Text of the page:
The Sun Life Stanshawe Band


Reunion Concert
Conductor: Dr Roy Newsome
St George's, Brandon Hill
Staurday 5th June

StanshaweOn a warm, balmy evening, plenty of warm, balmy memories.


As revellers enjoyed themselves in the city centre below, a  highly satisfying reunion concert of the former Sun Life Stanshawe Band took place at the tastefully modernised St George’s in Bristol, where an audience of well over 400 people packed into the former church to enjoy an evening of unashamed nostalgia.   

Even the wonderfully ornate ceiling roses in the hall looked uncannily like the logo of their former insurance sponsors.

Led by Dr Roy Newsome, and featuring 43 former players (20 of whom were members of the 1990 British Open winning band), a cleverly chosen programme paid homage to the significant musical figures and episodes of the band’s short, but successful, 29 year history.

Nods of appreciation

Nods of musical appreciation peppered the proceedings from start to finish – from the opening ‘French Military March’ (arranged by Walter Hargreaves for their 1974 Granada Band of the Year appearance), to the closing ‘Carnival’ Overture arranged by Roy Newsome himself, which the band played (although in the Geoffrey Brand version) at their sole appearance at the European Championships in 1985.   

Hairlines may well have receded and waistlines grown in the intervening years, but the pride of the former players meant that many a lip had been rescued from long imposed neglect for the occasion.

The standard of playing on the night was of course a touch variable, but given as was said, that many of the players were perhaps now having problems opening their instruments cases let alone playing the instruments inside, it was still quite an achievement.

Fine quartet

Kevin Robbins, Lyndon Baglin, Steve Walkley and Phil Randell rolled back the years with a quartet of fine solo performances, whilst there was also some lovely playing on show from the ‘back up’ ensemble too – notably the cornets of Paul Richards and Chris Howley, both of whom are still playing at a high contesting level.

In between, homage was paid in full to the musical leadership of the likes of Geoffrey Brand and Derek Bourgeois, with spirited performances of ‘The Corsair’ and the whimsical ‘Serenade’.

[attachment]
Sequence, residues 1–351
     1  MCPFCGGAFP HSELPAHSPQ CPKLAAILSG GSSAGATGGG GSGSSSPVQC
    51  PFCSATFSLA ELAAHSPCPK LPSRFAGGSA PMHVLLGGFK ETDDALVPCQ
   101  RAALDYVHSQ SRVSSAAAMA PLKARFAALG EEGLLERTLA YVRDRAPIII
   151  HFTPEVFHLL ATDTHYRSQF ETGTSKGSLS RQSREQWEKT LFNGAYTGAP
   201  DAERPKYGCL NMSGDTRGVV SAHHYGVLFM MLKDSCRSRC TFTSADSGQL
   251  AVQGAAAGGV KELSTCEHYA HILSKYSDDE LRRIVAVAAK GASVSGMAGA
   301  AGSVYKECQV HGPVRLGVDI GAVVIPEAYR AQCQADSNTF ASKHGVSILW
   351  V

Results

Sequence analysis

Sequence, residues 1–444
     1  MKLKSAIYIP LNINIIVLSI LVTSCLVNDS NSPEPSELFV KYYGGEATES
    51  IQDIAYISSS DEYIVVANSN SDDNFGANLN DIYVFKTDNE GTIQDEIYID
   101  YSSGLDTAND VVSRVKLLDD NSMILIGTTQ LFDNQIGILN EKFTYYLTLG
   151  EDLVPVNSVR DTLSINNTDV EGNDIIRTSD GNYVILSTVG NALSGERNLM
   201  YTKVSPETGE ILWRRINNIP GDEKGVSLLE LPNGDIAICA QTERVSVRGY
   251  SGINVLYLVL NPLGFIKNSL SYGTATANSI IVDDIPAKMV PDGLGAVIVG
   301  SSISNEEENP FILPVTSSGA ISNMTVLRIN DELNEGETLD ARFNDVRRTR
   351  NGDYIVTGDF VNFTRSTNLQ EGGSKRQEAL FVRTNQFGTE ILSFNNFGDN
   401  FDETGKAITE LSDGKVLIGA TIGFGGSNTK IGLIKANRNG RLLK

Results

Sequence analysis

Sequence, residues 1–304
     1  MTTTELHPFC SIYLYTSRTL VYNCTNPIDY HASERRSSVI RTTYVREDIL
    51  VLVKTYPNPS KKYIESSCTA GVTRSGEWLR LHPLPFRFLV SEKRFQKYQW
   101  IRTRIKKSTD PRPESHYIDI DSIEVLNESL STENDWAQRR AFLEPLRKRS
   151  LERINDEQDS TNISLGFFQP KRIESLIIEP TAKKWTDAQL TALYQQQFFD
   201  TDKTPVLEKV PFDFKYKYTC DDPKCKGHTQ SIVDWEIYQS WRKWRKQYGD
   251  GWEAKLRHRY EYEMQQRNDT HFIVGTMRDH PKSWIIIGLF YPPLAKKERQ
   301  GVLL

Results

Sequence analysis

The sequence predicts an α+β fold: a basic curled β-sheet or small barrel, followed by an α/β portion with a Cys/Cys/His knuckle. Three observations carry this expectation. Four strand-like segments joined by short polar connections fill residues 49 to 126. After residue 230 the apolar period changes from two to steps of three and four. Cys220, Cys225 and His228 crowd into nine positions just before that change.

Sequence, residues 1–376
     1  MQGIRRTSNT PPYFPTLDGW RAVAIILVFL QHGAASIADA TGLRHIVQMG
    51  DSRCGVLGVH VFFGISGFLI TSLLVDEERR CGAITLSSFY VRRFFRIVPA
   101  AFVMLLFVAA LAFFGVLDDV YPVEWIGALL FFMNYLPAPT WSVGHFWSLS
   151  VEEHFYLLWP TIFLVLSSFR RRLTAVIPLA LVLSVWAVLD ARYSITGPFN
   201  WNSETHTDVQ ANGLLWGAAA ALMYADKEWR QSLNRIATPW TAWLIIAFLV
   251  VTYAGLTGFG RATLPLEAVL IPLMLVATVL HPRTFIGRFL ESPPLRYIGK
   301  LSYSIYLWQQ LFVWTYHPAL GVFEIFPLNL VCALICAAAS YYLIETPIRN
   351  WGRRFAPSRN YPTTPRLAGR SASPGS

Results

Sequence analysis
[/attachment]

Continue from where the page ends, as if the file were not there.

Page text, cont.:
Memories of significant concert performances also came with ‘Puttin’ on the Ritz’, ‘Le Cid’, ‘Cranberry Corners USA’ and ‘West Country Fantasy’ (which was played as part of their ‘Lap of Honour’ at the 1990 British Open).

Perhaps understandably, there was to be no repeat performance of the test piece that gave the band their famous 1990 win at the Free Trade Hall: Something’s are best left untouched to grow in stature and myth in the memory banks.

Show of respect

There was though a neat show of respect paid to ‘Le Roi d’Y’s’ in Philip Harper’s specially commissioned ‘Reunion’ concert piece that brought a fleeting recall of that famous day in Manchester.

The most moving playing of the night came with a finely wrought rendition of ‘In Memoriam’ from ‘Royal Parks’ by George Lloyd, as personal memories of departed friends and colleagues were recalled, whilst there was a robust old run through the whole of ‘Suite Gothique’, to remind the audience (and players) just how the band forged their reputation for hard nosed contesting success.

Only disappointment

Perhaps the only disappointment was that the famous British Open Trophy itself wasn’t on display on the night (although the decision not to try and resurrect the old mustard jackets was a blessing it must be said).


A night of memories ended with some rose tinted sentimentality, with speeches from Ian Dickinson (who recalled the band’s sometimes hard nosed ethos of making sure they always aimed to compete with the very best) and Dr Newsome, who recalled some personal highlights of his association with the band.  

”That’s what made this band so different to others you may know,” Ian said – which perhaps in a way also explained why the band folded so quickly after the money ran out.

As the satisfied audience slowly made their way home, that was perhaps the only time on a highly enjoyable night of brass band entertainment that any real sense of disappointment struck home.

29 years could, and should, have been so much more.

Iwan Fox